If it comes down to what I can afford to buy, it will need to 400 A or less, but current research would lead one to believe that a 2500-5000 acre area would be better. Ideally it would have been recently clear cut or selectively logged at least to get a start on first stage regrowth. Goal then would be to manage to keep the growth at predominantly that stage. Lots of annual weeds and forbs, some shrubby regrowth, a few groves of pines and oak.
Those counties would be good in that the traditional shortleaf pine forested areas lend themselves to that managemnent, with prescribed burns and discing. Anything over 400 acres is going to be a long project unless we can enlist an army of workers. Since I posed the theory, I have done some research and found the pine/bluestem project in Arkansas which is in about the 4th year, and attempting with success to do the same. Also an article in the " Covey Rise", I got a couple of days ago, states the case for forest management as being a place we can make a difference with quail numbers, and not "rock" the boat of the commercial management.
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Old 03-31-2012, 12:32 AM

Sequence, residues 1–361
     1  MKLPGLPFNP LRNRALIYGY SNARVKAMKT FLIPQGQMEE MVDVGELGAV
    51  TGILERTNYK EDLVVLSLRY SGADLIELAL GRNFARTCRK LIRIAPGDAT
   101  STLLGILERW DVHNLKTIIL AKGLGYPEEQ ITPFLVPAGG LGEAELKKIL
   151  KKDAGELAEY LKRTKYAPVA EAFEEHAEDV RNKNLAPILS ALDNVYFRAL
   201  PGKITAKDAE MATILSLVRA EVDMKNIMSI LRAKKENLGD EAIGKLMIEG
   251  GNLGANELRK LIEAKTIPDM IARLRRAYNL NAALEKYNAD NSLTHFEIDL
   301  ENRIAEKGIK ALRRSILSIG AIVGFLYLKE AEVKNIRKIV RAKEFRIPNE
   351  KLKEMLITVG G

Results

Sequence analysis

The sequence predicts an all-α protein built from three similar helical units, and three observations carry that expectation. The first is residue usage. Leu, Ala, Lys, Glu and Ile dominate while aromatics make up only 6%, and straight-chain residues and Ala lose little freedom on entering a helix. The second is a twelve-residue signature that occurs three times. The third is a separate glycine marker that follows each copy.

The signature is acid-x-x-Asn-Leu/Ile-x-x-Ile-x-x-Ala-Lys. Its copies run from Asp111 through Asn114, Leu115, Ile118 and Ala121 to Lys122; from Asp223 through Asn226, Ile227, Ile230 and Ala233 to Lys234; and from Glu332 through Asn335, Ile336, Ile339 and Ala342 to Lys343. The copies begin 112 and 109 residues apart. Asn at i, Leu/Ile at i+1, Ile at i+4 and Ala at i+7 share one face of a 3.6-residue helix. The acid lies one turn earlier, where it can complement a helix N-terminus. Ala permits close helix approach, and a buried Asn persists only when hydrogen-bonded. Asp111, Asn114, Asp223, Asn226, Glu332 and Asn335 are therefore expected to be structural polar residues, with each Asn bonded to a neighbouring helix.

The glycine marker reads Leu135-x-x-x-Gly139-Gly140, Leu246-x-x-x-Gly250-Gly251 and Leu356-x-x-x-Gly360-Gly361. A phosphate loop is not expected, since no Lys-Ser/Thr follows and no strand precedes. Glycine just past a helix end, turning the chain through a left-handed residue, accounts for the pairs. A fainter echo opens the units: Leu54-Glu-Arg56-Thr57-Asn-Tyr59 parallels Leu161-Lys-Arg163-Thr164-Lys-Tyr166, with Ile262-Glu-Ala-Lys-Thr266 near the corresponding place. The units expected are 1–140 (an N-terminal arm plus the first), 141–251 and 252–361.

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I'd love to see it as I grew up in Howell County. As a kid, I don't ever recall thinking about good or bad hatches, we just hunted after our work was done and always shot limits.

While that area wasn't known for it's quail population, we had 17 coveys on 540 acres. And could find quail anywhere on the nearly endless places we were allowed to hunt. Then we did something that destroyed the quail. All of them. We had no idea it would hurt the populations, but it nearly took out every single quail. Unfortunately all our neighbors and their neighbors did the same thing. The result....no quail.

Here's what happened. That area is poor farm ground and therefore it has poor farmers and poor people. All of us in that area raised cattle since the ground is too rough and to thin for row crops. The problem we had was that it is/was poor grazing and poor hay ground as well.